Tea, like most fresh foods from plant-based sources, is rich in antioxidants, chemicals which often inhibit or serve as a buffer against oxidative stress. When tea is oxidized during production, the antioxidants are transformed but not destroyed, although the Vitamin C (which is one type of antioxidant) does tend to be destroyed. The page on antioxidants in tea explains this in more depth.

Tea types and their level of oxidation

The oversimplified explanation of the oxidation of tea that is usually given is that black tea is fully oxidized, whereas green tea is unoxidized, and oolong tea is partially oxidized or semi-oxidized. However, this explanation is not strictly true for all examples of these teas.

Also, the different classes of teas are not fully characterized by their oxidation level. That is, there are many semi-oxidized teas that are not oolongs, fully-oxidized teas that are not black tea, and unoxidized teas that are not green teas. Although level of oxidation is an important quality in distinguishing the different classes of tea from each other, we classify tea primarily based on its production method and not strictly on its oxidation level.

Measuring oxidation and subjective descriptions of oxidation level

It is possible to quantify the oxidation of teas by measuring the portion of various unoxidized chemicals and their oxidized counterparts. For example, catechins become theaflavins upon oxidation. However, because laboratory studies are costly, tea companies selling semi-oxidized teas usually make a subjective estimate of oxidation level of their teas based on color and flavor, or what is known of their processing, such as claiming that a particular oolong tea is 30% oxidized or 70% oxidized. These claims are usually arbitrary estimates, but can be good coarse indicators of the character of a particular tea.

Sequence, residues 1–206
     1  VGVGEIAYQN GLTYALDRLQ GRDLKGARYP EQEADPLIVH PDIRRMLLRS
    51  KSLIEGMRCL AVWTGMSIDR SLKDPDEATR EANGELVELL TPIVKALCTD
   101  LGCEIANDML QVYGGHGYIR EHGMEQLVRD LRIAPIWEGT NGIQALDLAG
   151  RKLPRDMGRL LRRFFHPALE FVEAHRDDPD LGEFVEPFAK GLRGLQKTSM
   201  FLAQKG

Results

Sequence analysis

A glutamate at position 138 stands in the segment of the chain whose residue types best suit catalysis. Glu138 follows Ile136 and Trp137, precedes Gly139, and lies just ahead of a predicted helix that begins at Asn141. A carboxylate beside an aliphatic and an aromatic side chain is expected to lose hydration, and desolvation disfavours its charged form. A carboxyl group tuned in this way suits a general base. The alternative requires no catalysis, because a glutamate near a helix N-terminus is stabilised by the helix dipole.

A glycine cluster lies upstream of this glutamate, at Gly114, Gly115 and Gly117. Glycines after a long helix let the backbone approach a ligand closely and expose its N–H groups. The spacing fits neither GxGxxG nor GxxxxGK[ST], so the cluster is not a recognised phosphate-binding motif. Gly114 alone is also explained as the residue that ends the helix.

Oxidation of herbal teas:

Rooibos(Red) rooibos is allowed to oxidize in its production, much like how black tea is oxidized.
Most herbal teas are not processed in the more involved, multi-step processes by which tea is processed; typically, herbal teas are produced by harvesting and then drying the herbs. There are, however, a few exceptions, in which herbs are processed in ways analagous to the way teas are processed.

The two most common examples of herbal teas allowed to oxidize like tea are rooibos and honeybush, both of which originate in South Africa. Both of these herbs are traditionally processed by methods that allow them to fully oxidize, turning them a rich red color. Both of these herbs can also be processed in ways inspired by green tea production, heating them to prevent oxidation. This leads to green rooibos and green honeybush, which shares some characteristics in common with green tea.

Further reading on the oxidation of tea:

Oxidation (fermentation), an article by the Tea Research Association.


What is Oxidation? by Tony Gebely of Chicago Tea Garden.


Oxidation of Tea 101 by Pei of Teanamu.


Oxidized or Fermented Tea? by Adam Yusko on the English Tea Store Blog.